Staff Publications

Staff Publications

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    'Staff publications' is the digital repository of Wageningen University & Research

    'Staff publications' contains references to publications authored by Wageningen University staff from 1976 onward.

    Publications authored by the staff of the Research Institutes are available from 1995 onwards.

    Full text documents are added when available. The database is updated daily and currently holds about 240,000 items, of which 72,000 in open access.

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Pure epicatechin and inflammatory gene expression profiles in circulating immune cells in (pre) hypertensive adults; a randomized double-blind, placebo-controlled, crossover trial
Esser, D. ; Dower, J.I. ; Matualatupauw, J.C. ; Geleijnse, J.M. ; Kromhout, D. ; Hollman, P.C.H. ; Afman, L.A. - \ 2018
Homo sapiens - GSE84453 - PRJNA329219
Introduction: There is increasing evidence that consumption of cocoa products have a beneficial effect on cardio-metabolic health, but the underlying mechanisms remain unclear. Cocoa contains a complex mixture of flavan-3-ols. Epicatechin, a major monomeric flavan-3-ol, is considered to contribute to the cardio-protective effects of cocoa. We investigated effects of pure epicatechin supplementation on whole genome gene expression profiles of circulating immune cells. Methods: In a randomized, double blind, placebo-controlled cross-over trial, 37 (pre)hypertensive (40-80y) subjects received two 4-week interventions; epicatechin (100mg/day) or placebo with a wash-out period of 4-week between both interventions. Whole genome gene expression profiles of peripheral blood mononuclear cells were determined before and after both interventions. Results: After epicatechin supplementation 1180 genes were significantly regulated, of which 234 were also significantly regulated compared to placebo. Epicatechin supplementation up-regulated gene sets involved in transcription/translation and tubulin folding and down-regulated gene sets involved in inflammation. Only a few genes within these regulated gene sets were actually significantly changed upon epicatechin supplementation. Upstream regulators that were shown to be inhibited were classified as cytokine or inflammatory type molecules. Conclusion: Pure epicatechin supplementation modestly reduced gene expression related to inflammation signalling routes in circulating immune cells. These routes are known to play a role in cardiovascular health.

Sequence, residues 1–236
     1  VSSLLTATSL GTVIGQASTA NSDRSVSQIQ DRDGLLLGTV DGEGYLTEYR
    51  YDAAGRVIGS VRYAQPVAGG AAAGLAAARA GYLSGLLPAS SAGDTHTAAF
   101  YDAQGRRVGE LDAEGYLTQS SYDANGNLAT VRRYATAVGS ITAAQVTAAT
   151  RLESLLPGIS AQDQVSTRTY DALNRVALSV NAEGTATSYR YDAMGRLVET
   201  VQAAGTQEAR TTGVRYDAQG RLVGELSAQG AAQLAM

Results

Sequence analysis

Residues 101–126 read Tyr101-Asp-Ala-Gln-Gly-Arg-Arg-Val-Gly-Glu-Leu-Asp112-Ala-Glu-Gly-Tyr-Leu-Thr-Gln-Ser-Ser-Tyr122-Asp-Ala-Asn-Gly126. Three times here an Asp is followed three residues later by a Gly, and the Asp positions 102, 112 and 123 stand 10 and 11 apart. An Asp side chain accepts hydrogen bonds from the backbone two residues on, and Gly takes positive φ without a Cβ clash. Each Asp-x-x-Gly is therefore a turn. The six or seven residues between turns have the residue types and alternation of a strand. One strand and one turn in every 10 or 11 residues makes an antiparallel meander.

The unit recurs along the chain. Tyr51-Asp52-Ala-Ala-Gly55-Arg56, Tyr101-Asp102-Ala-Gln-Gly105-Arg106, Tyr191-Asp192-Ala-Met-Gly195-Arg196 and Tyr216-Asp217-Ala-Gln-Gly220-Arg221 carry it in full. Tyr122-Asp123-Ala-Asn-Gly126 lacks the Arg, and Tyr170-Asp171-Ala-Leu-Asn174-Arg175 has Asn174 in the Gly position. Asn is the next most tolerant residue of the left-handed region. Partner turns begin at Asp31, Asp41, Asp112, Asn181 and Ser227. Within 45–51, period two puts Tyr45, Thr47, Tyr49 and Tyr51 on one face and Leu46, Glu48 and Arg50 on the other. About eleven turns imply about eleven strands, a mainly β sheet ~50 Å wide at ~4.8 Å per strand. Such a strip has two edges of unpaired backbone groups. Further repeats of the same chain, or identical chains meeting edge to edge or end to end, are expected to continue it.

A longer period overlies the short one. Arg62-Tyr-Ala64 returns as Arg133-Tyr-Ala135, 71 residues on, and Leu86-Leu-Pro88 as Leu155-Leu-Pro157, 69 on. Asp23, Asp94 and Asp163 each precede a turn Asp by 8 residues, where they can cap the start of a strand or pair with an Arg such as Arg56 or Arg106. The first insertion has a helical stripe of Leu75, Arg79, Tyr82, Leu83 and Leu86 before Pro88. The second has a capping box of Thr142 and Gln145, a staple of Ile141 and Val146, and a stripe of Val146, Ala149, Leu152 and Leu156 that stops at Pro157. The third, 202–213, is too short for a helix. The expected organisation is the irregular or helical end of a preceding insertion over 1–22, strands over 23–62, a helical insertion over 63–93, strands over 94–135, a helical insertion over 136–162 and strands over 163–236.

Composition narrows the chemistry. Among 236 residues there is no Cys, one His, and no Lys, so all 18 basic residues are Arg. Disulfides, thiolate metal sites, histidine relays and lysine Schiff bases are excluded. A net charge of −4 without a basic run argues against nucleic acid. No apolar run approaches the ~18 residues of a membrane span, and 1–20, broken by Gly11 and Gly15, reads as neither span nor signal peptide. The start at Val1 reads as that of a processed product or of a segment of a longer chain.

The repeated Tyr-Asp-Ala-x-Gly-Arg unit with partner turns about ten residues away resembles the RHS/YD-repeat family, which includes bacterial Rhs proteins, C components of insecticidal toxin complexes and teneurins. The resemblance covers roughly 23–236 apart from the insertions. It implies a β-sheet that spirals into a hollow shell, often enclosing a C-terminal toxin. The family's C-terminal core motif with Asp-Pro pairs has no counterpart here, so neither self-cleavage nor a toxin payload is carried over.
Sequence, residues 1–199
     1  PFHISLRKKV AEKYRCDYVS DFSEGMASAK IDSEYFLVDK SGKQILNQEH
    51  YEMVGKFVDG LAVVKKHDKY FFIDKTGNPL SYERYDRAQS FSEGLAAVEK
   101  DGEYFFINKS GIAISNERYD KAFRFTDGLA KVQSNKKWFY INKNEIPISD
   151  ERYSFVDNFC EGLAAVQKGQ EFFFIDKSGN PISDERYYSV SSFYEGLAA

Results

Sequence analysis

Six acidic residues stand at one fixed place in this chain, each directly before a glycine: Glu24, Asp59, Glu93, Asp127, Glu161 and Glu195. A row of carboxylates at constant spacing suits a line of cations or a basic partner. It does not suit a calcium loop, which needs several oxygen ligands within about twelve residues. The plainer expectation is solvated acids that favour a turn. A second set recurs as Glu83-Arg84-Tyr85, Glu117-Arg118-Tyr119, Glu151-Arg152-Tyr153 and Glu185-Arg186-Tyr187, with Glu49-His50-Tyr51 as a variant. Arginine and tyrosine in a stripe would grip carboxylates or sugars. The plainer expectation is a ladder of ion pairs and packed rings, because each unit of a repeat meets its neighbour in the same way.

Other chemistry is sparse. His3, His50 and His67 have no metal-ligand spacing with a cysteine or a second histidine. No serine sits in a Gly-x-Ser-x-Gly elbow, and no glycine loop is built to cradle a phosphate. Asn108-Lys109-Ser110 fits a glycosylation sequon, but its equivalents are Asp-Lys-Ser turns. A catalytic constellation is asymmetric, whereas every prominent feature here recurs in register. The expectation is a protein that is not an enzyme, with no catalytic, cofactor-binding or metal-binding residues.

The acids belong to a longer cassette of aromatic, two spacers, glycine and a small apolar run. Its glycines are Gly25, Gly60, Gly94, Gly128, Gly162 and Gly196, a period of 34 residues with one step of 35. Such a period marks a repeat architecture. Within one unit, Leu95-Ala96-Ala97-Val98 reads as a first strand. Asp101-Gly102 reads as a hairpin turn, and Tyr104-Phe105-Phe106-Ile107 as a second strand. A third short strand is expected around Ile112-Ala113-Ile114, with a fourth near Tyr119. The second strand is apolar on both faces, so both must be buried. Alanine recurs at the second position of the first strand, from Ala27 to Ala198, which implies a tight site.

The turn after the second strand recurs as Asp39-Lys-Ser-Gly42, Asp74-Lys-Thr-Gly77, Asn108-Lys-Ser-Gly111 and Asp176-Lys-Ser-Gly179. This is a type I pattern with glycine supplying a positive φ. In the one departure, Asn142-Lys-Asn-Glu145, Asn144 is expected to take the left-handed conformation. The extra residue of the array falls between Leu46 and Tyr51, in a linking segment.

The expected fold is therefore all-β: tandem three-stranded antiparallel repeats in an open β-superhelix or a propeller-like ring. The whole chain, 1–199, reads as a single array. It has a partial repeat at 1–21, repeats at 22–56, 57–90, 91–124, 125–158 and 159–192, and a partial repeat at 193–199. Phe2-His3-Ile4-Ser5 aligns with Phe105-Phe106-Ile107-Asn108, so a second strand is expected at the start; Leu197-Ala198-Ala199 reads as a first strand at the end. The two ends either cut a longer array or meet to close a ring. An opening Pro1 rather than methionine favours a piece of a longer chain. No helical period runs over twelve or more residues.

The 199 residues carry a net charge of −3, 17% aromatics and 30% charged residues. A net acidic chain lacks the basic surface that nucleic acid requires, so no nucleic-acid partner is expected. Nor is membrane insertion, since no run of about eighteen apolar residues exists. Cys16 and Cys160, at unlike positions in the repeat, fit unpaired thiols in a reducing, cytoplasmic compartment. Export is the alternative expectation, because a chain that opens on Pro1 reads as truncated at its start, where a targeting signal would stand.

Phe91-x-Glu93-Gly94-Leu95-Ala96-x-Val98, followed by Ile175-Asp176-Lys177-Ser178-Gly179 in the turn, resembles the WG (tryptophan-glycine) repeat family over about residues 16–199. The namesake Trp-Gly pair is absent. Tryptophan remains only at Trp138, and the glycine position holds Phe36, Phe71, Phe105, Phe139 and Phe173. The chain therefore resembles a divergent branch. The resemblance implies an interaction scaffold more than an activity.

Pure flavonoid epicatechin and whole genome gene expression profiles in circulating immune cells in adults with elevated blood pressure: A randomised double-blind, placebo-controlled, crossover trial
Esser, Diederik ; Geleijnse, Johanna M. ; Matualatupauw, Juri C. ; Dower, James I. ; Kromhout, Daan ; Hollman, Peter C.H. ; Afman, Lydia A. - \ 2018
PLoS ONE 13 (2018)4. - ISSN 1932-6203 - 15 p.
Cocoa consumption has beneficial cardiometabolic effects, but underlying mechanisms remain unclear. Epicatechin, the cocoa major monomeric flavan-3-ol, is considered to contribute to these cardio-protective effects. We investigated effects of pure epicatechin supplementation on gene expression profiles of immune cells in humans. In a double blind, placebo-controlled cross-over trial, 32 (pre)hypertensive subjects aged 30 to 80, received two 4-week interventions, i.e. epicatechin (100mg/day) or placebo with a 4-week wash-out between interventions. Gene expression profiles of peripheral blood mononuclear cells were determined before and after both interventions. Epicatechin regulated 1180 genes, of which 234 differed from placebo. Epicatechin upregulated gene sets involved in transcription and tubulin folding and downregulated gene sets involved in inflammation, PPAR signalling and adipogenesis. Several negatively enriched genes within these gene sets were involved in insulin signalling. Most inhibited upstream regulators within the epicatechin intervention were cytokines or involved in inflammation. No upstream regulators were identified compared to placebo. Epicatechin, a cocoa flavan-3-ol, reduces gene expression involved in inflammation, PPAR-signalling and adipogenesis in immune cells. Effects were mild but our findings increase our understanding and provide new leads on how epicatechin rich products like cocoa may affect immune cells and exert cardiometabolic protective effects.
Dietary medium-chain saturated fatty acids induce gene expression of energy metabolism-related pathways in adipose tissue of abdominally obese subjects
Matualatupauw, J.C. ; Bohl, Mette ; Gregersen, Søren ; Hermansen, K. ; Afman, L.A. - \ 2017
International Journal of Obesity 41 (2017)9. - ISSN 0307-0565 - p. 1348 - 1354.